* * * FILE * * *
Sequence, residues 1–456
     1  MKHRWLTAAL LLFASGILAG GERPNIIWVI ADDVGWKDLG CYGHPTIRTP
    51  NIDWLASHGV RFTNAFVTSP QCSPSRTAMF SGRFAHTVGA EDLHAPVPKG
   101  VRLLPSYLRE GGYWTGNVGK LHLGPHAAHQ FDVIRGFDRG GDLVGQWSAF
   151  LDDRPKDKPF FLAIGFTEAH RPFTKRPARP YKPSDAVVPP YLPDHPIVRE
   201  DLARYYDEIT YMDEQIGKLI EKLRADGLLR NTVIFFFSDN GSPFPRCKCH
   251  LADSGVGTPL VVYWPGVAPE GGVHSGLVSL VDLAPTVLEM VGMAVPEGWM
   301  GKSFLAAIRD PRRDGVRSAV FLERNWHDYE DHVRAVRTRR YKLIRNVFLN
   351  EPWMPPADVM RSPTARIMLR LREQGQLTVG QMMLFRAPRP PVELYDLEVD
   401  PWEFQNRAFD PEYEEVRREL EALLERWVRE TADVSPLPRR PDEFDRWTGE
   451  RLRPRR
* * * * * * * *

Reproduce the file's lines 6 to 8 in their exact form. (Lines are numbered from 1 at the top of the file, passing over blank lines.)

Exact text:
   201  DLARYYDEIT YMDEQIGKLI EKLRADGLLR NTVIFFFSDN GSPFPRCKCH
   251  LADSGVGTPL VVYWPGVAPE GGVHSGLVSL VDLAPTVLEM VGMAVPEGWM
   301  GKSFLAAIRD PRRDGVRSAV FLERNWHDYE DHVRAVRTRR YKLIRNVFLN